He was there, the pure subject of will-less knowing on the very spot where Richards and Lloyd had had their aesthetic experiences in World Cup Finals, where Bradman and Hammond had got there in Tests, where Lillee and Massey had become transcendently will-less on a muggy day in ‘72. Where Grace and Sobers … so many others had found the thing in itself in a simple field that had once been part of the Eyre family’s estate at the edge of St John’s Wood village.
“Your’re effing there Freddie,” said Alastair Nathan Cook, his hand reaching instinctively to the bowler's great heart.
Clarke did not delay them long. Dancing Feet came down the track to Swann, found himself yorked and quit the field at the end of another of the great Lord’s innings.
Hauritz, mesmerised by the intense stare in Flintoff’s eyes, left a ball that the bowler had already seen would jag back and crash into the off stump, leaving it leaning sideways like a crocked tooth.
By now the roar around Lord’s was deafening to all but Flintoff who heard only the inner quiet of the aesthetic experience, the one hand clapping of the noumenon from where he could not sense his body demanding release from this torture. The three cortisone injections from a few days before were inadequate to prevent the disintegration of his knee.
A cry went up, but was not heard. With four wickets to his name, his body refused to take him back to his mark, those hard yards ahead of him.
Will-less, Flintoff, turned there and then, eight paces from the bowling crease.
If he could go no further, he would bowl from here, where he stood. If this was to be his last ball it would be ‘the’ ball.
Starting wide, angling in, and surfing time as the day before he had surfed his team mates, Flintoff foresaw the ideal delivery force itself through the batsman’s feeble guard to crash into the centre stump as if he was once more that boy playing in a Preston street.
The photograph, left, shows Flintoff for the last time as a player leaving the Eyre’s field, Thomas Lord and James Dark’s great enterprise.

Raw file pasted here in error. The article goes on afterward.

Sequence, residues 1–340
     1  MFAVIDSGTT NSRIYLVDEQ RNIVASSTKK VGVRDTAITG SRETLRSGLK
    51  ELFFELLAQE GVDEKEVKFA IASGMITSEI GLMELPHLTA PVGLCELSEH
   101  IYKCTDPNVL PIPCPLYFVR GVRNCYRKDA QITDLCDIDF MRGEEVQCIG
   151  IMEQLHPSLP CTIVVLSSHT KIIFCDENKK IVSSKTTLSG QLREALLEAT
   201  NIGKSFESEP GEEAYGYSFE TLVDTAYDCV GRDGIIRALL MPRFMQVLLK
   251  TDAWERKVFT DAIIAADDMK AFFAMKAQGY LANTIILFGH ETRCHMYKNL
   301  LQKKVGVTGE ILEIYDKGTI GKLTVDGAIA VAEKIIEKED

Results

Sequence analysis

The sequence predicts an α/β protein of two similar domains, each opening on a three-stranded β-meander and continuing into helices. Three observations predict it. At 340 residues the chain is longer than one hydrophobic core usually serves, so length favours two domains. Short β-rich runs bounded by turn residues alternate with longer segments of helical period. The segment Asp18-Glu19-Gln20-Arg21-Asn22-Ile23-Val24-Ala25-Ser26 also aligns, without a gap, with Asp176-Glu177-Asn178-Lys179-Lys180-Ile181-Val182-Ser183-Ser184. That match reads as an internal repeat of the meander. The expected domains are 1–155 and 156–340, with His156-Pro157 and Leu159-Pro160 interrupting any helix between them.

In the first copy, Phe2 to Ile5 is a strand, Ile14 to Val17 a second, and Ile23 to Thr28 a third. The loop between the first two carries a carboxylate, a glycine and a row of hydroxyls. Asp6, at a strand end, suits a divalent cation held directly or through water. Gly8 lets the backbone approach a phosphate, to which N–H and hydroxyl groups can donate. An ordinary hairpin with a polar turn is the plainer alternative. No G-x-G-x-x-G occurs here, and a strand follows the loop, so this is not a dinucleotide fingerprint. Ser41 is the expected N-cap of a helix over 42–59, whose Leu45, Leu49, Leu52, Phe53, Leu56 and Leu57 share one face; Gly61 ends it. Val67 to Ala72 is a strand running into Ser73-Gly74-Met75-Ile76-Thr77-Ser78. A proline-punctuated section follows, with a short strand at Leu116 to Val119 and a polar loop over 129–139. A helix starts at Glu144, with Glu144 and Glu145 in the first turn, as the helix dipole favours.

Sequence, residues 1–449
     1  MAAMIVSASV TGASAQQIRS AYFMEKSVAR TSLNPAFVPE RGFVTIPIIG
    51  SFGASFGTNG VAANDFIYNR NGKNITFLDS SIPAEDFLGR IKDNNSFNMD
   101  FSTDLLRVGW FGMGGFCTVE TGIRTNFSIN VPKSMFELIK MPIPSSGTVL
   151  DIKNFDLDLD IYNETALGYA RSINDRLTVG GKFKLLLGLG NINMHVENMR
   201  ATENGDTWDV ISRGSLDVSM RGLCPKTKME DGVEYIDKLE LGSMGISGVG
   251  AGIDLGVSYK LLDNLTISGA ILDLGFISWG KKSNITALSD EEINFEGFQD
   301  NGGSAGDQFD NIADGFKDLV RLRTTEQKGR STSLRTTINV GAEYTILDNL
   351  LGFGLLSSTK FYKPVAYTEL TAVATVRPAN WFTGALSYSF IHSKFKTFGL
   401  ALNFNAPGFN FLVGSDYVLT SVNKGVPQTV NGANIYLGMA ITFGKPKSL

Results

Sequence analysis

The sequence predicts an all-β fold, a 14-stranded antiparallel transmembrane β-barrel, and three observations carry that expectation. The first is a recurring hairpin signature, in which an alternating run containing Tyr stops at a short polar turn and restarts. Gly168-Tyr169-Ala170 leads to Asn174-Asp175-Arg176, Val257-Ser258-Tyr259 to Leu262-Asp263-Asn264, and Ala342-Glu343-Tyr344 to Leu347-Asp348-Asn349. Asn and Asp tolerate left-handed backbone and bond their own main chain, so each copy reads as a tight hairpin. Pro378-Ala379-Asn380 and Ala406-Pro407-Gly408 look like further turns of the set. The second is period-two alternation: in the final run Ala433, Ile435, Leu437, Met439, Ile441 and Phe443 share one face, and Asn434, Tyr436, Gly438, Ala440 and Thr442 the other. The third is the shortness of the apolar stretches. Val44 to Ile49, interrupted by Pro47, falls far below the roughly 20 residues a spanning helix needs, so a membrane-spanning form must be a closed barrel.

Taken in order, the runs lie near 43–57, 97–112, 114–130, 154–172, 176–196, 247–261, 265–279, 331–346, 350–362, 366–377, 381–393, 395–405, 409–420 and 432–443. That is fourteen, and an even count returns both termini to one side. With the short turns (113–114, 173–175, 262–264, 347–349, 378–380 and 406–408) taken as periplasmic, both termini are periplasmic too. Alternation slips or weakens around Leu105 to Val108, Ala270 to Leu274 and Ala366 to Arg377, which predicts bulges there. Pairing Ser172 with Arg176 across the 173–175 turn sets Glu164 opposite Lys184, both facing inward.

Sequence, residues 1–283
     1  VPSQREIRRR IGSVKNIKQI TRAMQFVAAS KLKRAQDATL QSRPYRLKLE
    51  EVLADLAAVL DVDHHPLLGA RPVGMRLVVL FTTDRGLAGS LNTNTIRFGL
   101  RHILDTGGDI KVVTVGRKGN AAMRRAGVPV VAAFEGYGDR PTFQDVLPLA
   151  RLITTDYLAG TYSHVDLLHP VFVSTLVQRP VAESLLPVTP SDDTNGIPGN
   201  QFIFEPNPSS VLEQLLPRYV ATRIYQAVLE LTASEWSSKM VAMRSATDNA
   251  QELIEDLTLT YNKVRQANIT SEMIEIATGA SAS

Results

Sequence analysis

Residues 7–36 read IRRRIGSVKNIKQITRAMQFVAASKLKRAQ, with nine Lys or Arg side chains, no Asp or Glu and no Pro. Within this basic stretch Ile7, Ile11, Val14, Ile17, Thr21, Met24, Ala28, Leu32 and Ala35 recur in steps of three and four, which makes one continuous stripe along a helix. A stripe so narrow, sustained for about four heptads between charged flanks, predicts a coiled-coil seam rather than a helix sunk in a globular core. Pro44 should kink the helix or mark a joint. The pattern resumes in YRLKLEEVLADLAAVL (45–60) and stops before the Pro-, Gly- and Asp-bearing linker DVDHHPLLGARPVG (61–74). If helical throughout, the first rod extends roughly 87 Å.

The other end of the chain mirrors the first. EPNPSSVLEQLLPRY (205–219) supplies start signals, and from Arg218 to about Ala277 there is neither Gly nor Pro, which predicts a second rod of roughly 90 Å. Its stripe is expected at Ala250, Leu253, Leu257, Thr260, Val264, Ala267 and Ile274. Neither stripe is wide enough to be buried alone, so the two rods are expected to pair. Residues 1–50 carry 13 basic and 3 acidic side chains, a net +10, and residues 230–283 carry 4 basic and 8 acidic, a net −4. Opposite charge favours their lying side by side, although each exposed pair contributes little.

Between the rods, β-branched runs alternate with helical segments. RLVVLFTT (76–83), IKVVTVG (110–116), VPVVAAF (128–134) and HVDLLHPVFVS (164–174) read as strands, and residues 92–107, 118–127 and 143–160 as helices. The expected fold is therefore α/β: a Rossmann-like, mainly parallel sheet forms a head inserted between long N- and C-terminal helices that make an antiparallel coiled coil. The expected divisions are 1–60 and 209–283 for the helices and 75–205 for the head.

He has fulfilled his sponsorship duties and hurdles, with no thought to his knee now, the eccentric rise from the playing area up a couple of steps and through that famous old field gate. As he does so, up in the dressing room, a tatty piece of masking tape is being stuck to the honour’s board: 2009 A Flintoff Australia 5 – 92
In the Long Room the Australian Captain’s expression is like none seen before. Boyish. Puckish. What does he have in his hand? Who is he trying to catch sight of?
Compassion, says Schopenhauer, arises from the penetration of the illusory perception of individuality, so that one can empathize with the suffering of another. In this way compassion serves as a clue to the possibility of going beyond desire and the will.
But then again, as Third Man learnt at his father’s knee, “Never show an Australian compassion. Transcendence is one thing, boy, beating Australia is quite another thing in itself.”
In a painting such as Willem Kalf’s Ewer, Vessels and Pomegranate (above), Arthur Schopenhauer believed an artist could communicate the aesthetic experience to others through the beauty to be seen in ordinary everyday objects. The parallel Third Man hopes to have made should need no further explanation.